Total forward overlap = 0. 7 7 H

    B H = .63, B H = .63,

    w H = 2.31 ~ = 3.07

    Neat model area A= 5.22 xI o·s H 2

    Flight I Line I I

    Gross model · area A= 16.3 x I o·e W

    Figure 6. --Transverse coverage at a single station. (This is not a stereoscopic pair; the adjacent exposures that overlap this coverage are not shown. )

    11

  • Figure 7. --Prototype Twinplex - convergent orientation.

    COMPILATION WITH PAIRS OF SINGLE PROJECTORS

    If extensive operations are planned using twin low-oblique photography, it is contemplated that the Twinplex stereoplotting instrument will be used primarily for stereotriangulation. Com-pilation can be accomplished by means of pairs of single projectors, either multiplex, Kelsh, or ER-55 (f ig. 12, see page 17). The multiplex and Kelsh require a minor adaptation. Multiplex pro-jectors are adapted for a 20° obliquity, in either orientation, by means of simple wedge-shaped pieces fitted between the bracket and the gimbal mount. The Kelsh projectors are adapted for convergent photography by providing a 20° -step tilt in addition to the present slow Y -tilt motion.

    12

    EXPERIMENTAL COMPILATION PROJECT

    Geometry of the test models

    The prototype Twinplex stereoplotting inst ru-ment, (see fig. 7), using two pairs of multiplex-type projectors, was completed early in 1950. In order to evaluate the performance characteristics of this instrument, a test project was set up con-sisting of the compilation of a 7~ -minute qu~ rangle, Miamisburg SE, Ohio, at a scale of 1:10,000 with 20-foot contours on the slopes and 10-foot contours in the flats.

    The available convergent photography for this a rea did not meet the theoretically most effi-cient values for base-height and width-height

  • Figure 8. --Prototype Twinplex - transverse orientation.

    r atios. The values actually obtained were 1.16 for base-height ratio and 0 . 92 for width-height r atio, resulting in an excess of side lap. Four flights of three models each covered the entire quadr angle . The flight height was approximately 12, 000 feet above mean-ground elevation.

    In the prototype model of the Twinplex in-strument, the principal distance of the conver -gent projectors of the two pairs was changed from 30 millimeters to 29.64 millimeters . This change increased the optimum projection dis -tance from 360 millimeters to approximately 400 millimeters, thus providing for the increased length of the rays due to the 20° inclination. There was no noticeable improvement in· the models as a result of this change, although theo -retically such a change was desirable .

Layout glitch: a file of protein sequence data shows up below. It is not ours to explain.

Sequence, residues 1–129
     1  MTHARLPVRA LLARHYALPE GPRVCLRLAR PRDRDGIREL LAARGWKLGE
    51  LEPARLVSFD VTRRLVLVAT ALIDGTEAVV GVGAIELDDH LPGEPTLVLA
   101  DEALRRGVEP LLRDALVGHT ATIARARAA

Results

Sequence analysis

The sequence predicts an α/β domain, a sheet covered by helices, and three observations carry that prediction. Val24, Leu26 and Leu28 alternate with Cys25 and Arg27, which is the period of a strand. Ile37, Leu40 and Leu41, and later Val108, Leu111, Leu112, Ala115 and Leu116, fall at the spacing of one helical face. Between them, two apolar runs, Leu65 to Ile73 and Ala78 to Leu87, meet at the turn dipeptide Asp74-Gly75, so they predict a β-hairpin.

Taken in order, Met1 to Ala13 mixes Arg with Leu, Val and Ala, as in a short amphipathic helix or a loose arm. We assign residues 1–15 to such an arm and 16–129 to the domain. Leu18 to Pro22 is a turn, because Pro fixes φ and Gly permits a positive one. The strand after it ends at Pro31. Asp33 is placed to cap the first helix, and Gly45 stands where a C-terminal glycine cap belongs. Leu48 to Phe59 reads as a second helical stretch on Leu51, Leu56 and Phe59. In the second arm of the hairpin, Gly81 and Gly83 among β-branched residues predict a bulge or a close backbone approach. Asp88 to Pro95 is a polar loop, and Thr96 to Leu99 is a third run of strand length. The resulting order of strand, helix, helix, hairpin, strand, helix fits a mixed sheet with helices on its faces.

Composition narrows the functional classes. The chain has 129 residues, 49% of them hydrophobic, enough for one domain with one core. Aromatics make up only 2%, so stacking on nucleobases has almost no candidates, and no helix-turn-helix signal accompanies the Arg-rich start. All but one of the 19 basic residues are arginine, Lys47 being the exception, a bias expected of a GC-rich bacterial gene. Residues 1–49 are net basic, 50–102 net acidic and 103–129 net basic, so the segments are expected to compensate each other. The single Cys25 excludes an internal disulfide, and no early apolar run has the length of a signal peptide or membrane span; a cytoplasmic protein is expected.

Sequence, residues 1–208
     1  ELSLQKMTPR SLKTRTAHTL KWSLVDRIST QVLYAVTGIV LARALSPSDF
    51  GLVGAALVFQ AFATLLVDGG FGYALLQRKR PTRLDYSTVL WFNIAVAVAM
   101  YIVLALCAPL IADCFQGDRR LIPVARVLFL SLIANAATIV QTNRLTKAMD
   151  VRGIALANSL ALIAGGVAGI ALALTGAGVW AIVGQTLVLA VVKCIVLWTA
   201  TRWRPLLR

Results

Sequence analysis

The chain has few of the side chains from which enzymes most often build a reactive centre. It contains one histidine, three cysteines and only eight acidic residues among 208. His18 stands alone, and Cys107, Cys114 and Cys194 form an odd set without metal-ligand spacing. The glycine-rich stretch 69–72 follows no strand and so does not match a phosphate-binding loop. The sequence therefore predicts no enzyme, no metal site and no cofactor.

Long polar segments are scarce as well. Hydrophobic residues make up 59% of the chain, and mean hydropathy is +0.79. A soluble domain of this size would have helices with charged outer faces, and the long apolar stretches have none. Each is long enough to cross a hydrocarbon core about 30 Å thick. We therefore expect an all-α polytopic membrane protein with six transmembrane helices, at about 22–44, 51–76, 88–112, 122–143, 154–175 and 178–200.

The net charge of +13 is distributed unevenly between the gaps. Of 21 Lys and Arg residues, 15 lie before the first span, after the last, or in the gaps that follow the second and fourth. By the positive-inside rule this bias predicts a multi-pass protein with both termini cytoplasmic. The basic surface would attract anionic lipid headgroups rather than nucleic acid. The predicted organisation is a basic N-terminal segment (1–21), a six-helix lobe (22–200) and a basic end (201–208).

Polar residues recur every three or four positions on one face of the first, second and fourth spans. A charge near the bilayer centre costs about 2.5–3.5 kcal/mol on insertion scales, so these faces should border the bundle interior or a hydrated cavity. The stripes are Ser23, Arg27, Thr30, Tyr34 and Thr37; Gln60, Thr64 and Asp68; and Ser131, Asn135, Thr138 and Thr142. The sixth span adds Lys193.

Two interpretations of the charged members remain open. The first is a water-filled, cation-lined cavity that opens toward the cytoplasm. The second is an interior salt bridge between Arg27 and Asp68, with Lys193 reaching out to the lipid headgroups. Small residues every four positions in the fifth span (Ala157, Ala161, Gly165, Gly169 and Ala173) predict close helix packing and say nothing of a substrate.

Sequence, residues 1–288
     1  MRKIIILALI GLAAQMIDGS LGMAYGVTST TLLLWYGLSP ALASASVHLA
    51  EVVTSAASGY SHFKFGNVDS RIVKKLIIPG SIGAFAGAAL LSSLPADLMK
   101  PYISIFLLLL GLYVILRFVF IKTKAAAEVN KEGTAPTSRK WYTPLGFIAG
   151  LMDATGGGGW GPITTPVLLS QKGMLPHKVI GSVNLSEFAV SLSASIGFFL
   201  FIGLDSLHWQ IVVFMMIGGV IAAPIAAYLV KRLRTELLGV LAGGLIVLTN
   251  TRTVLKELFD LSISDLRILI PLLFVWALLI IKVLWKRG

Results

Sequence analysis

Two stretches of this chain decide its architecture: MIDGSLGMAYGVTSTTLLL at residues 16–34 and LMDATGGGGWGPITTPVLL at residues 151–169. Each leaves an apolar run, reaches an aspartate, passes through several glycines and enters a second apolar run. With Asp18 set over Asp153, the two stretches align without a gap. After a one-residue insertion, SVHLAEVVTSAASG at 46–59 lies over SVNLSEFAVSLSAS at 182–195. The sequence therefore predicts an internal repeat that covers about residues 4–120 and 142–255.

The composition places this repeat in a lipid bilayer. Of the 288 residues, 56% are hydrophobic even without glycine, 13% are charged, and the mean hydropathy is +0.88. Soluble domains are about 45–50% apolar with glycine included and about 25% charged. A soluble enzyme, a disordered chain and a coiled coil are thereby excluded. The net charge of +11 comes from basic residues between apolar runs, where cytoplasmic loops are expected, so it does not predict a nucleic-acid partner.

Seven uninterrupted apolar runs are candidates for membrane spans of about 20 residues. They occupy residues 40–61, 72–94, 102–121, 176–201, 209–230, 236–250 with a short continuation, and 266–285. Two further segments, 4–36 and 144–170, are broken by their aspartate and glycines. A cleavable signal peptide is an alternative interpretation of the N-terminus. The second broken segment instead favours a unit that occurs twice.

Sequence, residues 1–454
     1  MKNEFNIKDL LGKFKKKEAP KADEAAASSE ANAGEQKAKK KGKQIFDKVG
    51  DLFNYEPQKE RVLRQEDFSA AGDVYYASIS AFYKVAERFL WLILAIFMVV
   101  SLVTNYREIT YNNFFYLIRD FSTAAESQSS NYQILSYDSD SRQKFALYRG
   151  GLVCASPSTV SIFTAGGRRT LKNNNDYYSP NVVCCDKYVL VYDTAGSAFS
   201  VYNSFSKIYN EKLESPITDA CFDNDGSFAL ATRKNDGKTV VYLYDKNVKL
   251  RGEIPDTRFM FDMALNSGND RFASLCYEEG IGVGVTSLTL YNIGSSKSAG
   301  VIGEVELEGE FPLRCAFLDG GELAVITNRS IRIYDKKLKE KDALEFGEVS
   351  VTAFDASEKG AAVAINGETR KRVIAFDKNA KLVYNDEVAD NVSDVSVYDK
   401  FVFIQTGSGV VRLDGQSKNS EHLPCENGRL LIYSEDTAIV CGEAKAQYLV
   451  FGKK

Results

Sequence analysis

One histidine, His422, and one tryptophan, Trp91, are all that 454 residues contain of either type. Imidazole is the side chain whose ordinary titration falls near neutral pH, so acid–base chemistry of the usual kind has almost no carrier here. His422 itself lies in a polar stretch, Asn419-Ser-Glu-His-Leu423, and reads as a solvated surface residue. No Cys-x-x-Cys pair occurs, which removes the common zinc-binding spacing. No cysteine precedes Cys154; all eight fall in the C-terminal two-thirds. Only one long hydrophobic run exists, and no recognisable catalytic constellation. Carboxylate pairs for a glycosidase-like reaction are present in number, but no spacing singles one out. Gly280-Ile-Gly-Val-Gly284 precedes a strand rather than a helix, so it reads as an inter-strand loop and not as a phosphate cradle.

13

    As a projected image ray from the horizon side of any diapositive of a convergent model is extremely long (approximately 500 millimeters at a scale of 1:10, 000), there is a definite advan-tage in compiling at smaller scales when using multiplex-type projectors. The quality of a test model was noticeably better at a scale of 1:12,000 than a t 1:10,000 . The smaller s cale probably could not be accommodated in the prototype Twin-plex because of interference of the projector cages . However, in using a pair of multiplex-type projectors for single - model compilation , with appropriate wedges to allow the 20° convergent tilt, there would be no interference and the small -er scale could be accommodated .

  • Figure 9. --Improved Twinplex with ellipsoidal -reflector projectors.

    Scaling procedure

    As the prototype model of the Twinplex consisted of only two sets of projectors, it was necessary to adopt a system of scaling suitable to a single-model instrument. It was decided to use the stereo-templet system developed by M. B. Scher of the Geological Survey for control bridging with the Kelsh plotter. This is a varia-tion of the conventional slotted-templet system, in which pass points are picked and templets pre-pared from horizontalized models. Since the models are leveled before the picking of pass points, there are no tilt or relief displacements in the templets and the only function of the tem-plets is to bring all models to a common scale.